of the solution anymore. He is part of the problem now,” he continued.
Several Palestinian factions
based in the Syrian capital, Damascus, and including Hamas’s leadership
in exile, also rejected early elections. “Any step outside the
context of the laws is rejected by us all and this is not just the position
of Hamas,” said Damascus-based Hamas leader Khaled Mashaal. The
Popular Front for the Liberation of Palestine supported the Hamas stance.
Islamic Jihad leader Ramadan Shallah, who met with Mashaal in Damascus,
urged Hamas and Fatah to reach an agreement, calling Abbas’s decision
Abbas also announced the
revival of the Palestine Liberation Organisation negotiating department,
implying that he was ready to go into talks with Israel and accede to
its terms. A senior Israeli defence spokesman said, “This is a
very important internal decision by the Palestinians, which creates
a new opportunity to relinquish the path of terror and return to the
The decision to call new
elections must lead to an escalation of the internecine warfare now
raging between Hamas and Fatah. There is every possibility that Abbas
will use this to declare a state of emergency for 30 days. This would
allow him to assume special powers, including those of the current government.
has already sparked renewed fighting between Hamas and Fatah. It directly
followed the attempted assassination of Haniya. Hamas accused Mohammed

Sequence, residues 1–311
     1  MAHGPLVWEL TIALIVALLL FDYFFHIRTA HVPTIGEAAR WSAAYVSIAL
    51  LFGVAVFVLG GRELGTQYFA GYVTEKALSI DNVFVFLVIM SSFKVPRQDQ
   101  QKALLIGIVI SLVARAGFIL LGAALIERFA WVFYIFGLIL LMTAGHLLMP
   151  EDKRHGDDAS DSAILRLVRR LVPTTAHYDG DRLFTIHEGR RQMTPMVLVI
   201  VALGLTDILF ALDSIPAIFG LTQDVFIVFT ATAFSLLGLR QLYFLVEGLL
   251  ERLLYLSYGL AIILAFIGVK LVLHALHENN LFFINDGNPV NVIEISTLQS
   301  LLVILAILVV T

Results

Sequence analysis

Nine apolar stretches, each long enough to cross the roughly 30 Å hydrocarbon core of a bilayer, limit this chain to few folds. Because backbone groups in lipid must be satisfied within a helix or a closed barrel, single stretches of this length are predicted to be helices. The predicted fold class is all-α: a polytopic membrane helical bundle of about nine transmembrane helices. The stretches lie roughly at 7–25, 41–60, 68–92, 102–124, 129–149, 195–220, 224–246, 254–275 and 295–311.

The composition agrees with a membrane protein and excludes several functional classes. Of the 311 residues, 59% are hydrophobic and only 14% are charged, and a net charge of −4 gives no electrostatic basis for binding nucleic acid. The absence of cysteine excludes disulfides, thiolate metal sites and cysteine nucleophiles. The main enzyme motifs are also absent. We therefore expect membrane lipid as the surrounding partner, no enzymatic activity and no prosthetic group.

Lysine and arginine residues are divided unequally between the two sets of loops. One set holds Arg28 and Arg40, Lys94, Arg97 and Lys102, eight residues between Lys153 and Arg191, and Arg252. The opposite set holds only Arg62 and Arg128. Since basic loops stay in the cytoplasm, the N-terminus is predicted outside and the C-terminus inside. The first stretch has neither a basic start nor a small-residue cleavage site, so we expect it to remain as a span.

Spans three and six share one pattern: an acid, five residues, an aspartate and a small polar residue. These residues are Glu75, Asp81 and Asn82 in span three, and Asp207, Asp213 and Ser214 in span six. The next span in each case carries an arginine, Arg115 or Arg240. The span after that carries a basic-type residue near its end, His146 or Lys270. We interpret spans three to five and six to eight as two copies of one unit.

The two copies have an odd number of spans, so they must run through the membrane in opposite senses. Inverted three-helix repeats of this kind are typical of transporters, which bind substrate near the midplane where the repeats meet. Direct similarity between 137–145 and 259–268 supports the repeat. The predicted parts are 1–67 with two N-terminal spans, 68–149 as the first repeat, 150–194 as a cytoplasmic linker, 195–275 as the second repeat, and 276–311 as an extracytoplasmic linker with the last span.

Dahlan, warlord and former Fatah chief of internal security in Gaza,
of orchestrating the assassination attempt when Haniya was crossing
the border into Gaza from Egypt after a tour of the Middle East to seek
economic aid. Haniya had been detained at the border on the orders of
Israel’s Defence Minister, Amir Peretz, who instructed the European
monitors at the crossing to refuse his re-entry into Gaza.
Following seven hours of
negotiations, the Fatah border guards let Haniya through after he left
the money he had collected in Egypt. But his detention brought more
than 1,000 Hamas members to the checkpoint, and armed clashes broke
out during which a bodyguard was killed and 26 people were injured,
included Haniya’s son. Deputy Defence Minister Ephraim Sneh told
Israel’s Army Radio that government officials made the right decision
not to let Haniyeh bring the money into Gaza, adding that if he had
been killed, “I wouldn’t put up a mourning tent.”